Cable Company Ordered to Pay Over $7 Billion in Damages for “Systemic Safety Failures” After Employee Murders Elderly Customer in Home


Cable Company Ordered to Pay Over $7 Billion in Damages for “Systemic Safety Failures” After Employee Murders Elderly Customer in Home

In July 2022, a jury in Dallas County awarded $7 billion in punitive damages against a cable company for “systemic safety failures” that included allegedly failing to verify the employment history of an employee who later murdered an 83-year-old customer in her home, while an earlier jury verdict in June 2022 ordered the same company to pay 90 percent of $375 million in compensatory damages awarded to the victim’s family, according to a report from WFAA Channel 8 in Dallas, Texas.

WFAA reported that the jury verdicts found the cable company liable for the stabbing death of Betty Thomas by field technician Roy Holden Jr. in December 2019. Holden had visited Thomas at her house to help with a phone line, returned the next day in a cable company van even though he was off-duty, and stabbed her with a utility knife supplied by the company. After his arrest by police later that month, Holden pleaded guilty to the murder and was sentenced to life in prison in April 2021.

The complaint filed by the victim’s family claimed the cable company discontinued an employee screening program used by a previous owner after the business was bought in 2016, and Holden was allegedly hired without verification of his employment history, which would have shown he lied about his previous jobs. A review of Holden’s past employers “would have revealed firings for forgery, falsifying documents, and harassment of fellow employees, according to trial testimony,” WFAA reported.

A North Texas law professor explained in an additional report from WFAA that the cable company had a “heightened duty” to be careful in its hiring process since their employees enter the homes of customers and the company has to ensure the safety of homeowners. “The law imposes duties upon employers. The duty of care in a case like this is greater than the normal duty of care because employees are entering the home. The question then becomes – was that duty of care breached?” he asked.

“Employers have a duty of due diligence in hiring, and if their hiring practices cause harm to co-workers or members of the public, an employer can be sued for negligent hiring,” Attorney Lester Rosen, the founder of Employment Screening Resources (ESR), which is now a service offering of ClearStar, explained in his book titled The Safe Hiring Manual. “Implementing a Safe Hiring Program helps employers practice due diligence in their hiring,” said Rosen, a noted background check expert.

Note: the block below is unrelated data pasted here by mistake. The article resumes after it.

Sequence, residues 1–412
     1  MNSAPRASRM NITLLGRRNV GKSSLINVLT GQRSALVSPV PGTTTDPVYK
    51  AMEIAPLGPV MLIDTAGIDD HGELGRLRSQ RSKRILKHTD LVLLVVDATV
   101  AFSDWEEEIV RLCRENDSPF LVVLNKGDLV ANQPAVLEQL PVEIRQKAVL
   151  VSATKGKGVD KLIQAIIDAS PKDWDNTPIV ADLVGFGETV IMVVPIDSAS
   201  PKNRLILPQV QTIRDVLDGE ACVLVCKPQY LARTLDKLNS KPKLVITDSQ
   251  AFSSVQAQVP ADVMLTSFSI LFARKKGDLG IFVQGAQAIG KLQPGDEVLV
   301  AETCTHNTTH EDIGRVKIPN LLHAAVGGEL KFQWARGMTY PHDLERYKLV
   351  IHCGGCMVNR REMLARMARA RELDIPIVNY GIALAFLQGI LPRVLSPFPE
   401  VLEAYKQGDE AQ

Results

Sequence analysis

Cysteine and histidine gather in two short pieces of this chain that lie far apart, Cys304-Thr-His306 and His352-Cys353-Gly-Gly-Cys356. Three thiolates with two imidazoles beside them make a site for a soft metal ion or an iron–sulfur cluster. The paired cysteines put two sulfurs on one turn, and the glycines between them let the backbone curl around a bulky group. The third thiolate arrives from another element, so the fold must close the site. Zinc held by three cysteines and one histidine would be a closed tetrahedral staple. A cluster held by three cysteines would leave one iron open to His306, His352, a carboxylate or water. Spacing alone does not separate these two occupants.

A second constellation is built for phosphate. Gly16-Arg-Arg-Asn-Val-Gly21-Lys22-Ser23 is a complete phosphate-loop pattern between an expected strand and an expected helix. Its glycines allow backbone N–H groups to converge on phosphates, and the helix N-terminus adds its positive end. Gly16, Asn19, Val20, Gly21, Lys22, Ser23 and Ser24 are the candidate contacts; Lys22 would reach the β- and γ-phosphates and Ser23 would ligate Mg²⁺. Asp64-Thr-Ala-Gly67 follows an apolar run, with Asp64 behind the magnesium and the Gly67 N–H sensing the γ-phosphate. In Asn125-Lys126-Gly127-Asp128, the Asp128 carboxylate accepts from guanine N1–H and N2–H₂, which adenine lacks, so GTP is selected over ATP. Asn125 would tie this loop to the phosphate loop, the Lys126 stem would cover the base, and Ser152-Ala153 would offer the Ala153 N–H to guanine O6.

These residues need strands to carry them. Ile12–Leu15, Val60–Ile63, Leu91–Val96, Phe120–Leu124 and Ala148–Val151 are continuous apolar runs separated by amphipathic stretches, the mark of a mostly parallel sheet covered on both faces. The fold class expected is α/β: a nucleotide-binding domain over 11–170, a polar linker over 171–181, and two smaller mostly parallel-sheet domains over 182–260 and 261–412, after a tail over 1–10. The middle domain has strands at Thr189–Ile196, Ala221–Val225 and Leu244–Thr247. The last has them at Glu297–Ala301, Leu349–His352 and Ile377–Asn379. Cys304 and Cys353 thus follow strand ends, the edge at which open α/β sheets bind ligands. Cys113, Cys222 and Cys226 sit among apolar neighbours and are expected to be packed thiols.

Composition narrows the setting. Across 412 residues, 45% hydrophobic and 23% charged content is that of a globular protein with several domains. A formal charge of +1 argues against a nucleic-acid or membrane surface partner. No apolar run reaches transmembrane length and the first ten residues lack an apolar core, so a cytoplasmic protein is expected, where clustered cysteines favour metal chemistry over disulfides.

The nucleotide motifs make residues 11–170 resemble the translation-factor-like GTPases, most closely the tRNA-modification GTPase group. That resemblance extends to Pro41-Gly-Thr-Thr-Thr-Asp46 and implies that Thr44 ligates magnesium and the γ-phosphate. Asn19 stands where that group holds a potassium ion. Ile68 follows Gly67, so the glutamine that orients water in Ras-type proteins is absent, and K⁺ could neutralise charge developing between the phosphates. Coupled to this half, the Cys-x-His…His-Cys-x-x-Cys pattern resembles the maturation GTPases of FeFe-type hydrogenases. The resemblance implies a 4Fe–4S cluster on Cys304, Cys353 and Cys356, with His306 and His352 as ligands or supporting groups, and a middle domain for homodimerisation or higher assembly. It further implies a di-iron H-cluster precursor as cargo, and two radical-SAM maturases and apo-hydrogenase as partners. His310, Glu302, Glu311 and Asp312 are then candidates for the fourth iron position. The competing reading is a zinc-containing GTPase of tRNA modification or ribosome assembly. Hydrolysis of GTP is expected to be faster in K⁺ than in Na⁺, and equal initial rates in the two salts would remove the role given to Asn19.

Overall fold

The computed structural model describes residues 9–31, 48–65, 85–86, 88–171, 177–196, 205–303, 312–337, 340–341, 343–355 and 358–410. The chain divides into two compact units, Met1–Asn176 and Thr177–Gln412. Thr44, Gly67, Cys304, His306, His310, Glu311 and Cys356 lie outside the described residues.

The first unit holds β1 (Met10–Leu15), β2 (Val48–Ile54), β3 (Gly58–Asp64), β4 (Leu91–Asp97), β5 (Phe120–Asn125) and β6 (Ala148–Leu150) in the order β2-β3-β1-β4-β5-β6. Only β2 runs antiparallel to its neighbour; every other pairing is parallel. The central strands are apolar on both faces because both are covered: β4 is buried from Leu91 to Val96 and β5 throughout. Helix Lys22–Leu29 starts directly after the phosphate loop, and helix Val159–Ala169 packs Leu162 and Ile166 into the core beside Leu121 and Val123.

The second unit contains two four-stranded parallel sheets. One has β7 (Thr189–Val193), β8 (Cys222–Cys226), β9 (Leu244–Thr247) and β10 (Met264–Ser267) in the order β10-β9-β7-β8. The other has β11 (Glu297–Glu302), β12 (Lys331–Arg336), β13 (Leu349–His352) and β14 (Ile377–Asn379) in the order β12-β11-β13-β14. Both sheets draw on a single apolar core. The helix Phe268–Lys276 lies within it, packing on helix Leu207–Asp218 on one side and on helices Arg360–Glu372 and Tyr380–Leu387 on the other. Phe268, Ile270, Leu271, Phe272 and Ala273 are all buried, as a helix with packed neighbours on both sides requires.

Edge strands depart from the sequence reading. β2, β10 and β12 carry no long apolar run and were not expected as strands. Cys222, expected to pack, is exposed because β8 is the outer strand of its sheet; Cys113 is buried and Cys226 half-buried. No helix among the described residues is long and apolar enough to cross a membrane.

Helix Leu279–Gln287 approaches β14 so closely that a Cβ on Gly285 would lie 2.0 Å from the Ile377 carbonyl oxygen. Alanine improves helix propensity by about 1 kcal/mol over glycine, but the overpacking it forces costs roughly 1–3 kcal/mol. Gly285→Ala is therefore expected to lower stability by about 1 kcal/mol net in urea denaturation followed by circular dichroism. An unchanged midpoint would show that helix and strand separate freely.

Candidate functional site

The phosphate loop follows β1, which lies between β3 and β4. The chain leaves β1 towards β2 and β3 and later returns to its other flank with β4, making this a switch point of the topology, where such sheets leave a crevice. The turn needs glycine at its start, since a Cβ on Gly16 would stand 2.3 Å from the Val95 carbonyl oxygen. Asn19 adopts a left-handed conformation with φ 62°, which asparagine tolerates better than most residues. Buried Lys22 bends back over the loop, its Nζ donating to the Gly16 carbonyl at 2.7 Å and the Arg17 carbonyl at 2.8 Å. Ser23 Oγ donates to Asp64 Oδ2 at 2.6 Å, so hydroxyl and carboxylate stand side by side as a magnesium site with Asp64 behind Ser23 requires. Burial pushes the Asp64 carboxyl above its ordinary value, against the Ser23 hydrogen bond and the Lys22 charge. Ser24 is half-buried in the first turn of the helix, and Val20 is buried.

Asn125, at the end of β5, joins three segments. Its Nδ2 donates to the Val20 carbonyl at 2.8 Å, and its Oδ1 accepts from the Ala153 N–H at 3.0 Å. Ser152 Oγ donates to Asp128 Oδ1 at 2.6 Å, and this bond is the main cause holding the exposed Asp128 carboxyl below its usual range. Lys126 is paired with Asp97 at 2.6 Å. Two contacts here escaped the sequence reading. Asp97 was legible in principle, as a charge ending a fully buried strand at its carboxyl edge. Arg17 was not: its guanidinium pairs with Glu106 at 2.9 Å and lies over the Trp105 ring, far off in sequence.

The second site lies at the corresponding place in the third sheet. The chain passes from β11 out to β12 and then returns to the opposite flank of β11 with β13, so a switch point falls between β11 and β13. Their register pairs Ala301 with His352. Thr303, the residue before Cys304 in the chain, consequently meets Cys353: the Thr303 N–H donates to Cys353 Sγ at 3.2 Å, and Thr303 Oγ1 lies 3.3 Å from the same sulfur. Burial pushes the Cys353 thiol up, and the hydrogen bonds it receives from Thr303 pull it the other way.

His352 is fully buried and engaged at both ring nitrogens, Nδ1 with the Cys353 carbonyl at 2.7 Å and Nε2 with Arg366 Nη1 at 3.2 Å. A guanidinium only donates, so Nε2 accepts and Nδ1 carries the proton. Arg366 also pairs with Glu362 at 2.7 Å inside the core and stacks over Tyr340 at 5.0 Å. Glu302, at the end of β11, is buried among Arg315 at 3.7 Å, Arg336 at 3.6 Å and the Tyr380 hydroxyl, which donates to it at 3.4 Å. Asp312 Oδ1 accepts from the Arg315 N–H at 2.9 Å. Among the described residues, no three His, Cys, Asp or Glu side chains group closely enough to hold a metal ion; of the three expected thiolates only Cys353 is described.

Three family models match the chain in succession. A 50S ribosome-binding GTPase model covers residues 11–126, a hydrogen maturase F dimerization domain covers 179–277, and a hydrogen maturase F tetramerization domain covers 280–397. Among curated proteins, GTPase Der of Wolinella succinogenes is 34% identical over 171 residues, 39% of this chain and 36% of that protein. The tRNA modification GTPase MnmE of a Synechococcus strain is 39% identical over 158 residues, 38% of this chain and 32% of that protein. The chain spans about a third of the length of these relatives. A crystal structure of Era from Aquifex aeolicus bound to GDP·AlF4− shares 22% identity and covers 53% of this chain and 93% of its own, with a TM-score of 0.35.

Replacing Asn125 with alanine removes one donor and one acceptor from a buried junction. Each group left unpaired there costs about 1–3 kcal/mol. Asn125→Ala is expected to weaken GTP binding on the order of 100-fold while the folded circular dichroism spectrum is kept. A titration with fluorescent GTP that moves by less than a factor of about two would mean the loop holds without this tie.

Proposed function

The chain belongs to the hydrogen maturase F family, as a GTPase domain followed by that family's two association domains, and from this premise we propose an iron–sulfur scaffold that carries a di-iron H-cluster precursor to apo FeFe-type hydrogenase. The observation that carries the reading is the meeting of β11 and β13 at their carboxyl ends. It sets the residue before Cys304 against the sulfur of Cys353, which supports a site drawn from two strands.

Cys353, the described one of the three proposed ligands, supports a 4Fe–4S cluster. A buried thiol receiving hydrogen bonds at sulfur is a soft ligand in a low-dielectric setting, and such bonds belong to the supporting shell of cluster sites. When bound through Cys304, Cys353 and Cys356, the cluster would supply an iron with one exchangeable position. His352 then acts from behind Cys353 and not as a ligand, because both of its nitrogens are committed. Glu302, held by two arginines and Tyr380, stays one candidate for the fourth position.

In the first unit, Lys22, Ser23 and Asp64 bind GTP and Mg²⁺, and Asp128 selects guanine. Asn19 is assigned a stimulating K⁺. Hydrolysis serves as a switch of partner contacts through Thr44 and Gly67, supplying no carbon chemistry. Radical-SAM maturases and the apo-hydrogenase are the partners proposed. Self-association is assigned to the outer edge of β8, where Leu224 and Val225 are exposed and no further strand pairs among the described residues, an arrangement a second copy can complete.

ClearStar is a Human Resources technology company specializing in background checks, drug tests, clinical tests, and occupational health screening for employment. ClearStar offers a variety of background check services that include education and employment verifications, personal reference checks, motor vehicle record searches, credit history searches, sex offender registry searches, and criminal records searches at the federal, state, and county levels. To learn more, contact ClearStar today.

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    Thomas Ahearn - Digital Content Editor

    Thomas Ahearn is a Digital Content Editor at ClearStar, a leading Human Resources (HR) technology company specializing in background, drug, and health screening for employment. He writes about a variety of topics in the background screening industry including "Ban the Box," class action lawsuits, credit reports, criminal records, drug testing, the Equal Employment Opportunity Commission (EEOC), the Fair Credit Reporting Act (FCRA), HR technology, identity theft and fraud, privacy, social media background checks, and workplace violence.

    At ClearStar, we are committed to your success. An important part of your employment screening program involves compliance with various laws and regulations, which is why we are providing information regarding screening requirements in certain countries, region, etc. While we are happy to provide you with this information, it is your responsibility to comply with applicable laws and to understand how such information pertains to your employment screening program. The foregoing information is not offered as legal advice but is instead offered for informational purposes. ClearStar is not a law firm and does not offer legal advice and this communication does not form an attorney client relationship. The foregoing information is therefore not intended as a substitute for the legal advice of a lawyer knowledgeable of the user’s individual circumstances or to provide legal advice. ClearStar makes no assurances regarding the accuracy, completeness, or utility of the information contained in this publication. Legislative, regulatory and case law developments regularly impact on general research and this area is evolving rapidly. ClearStar expressly disclaim any warranties or responsibility or damages associated with or arising out of the information provided herein.


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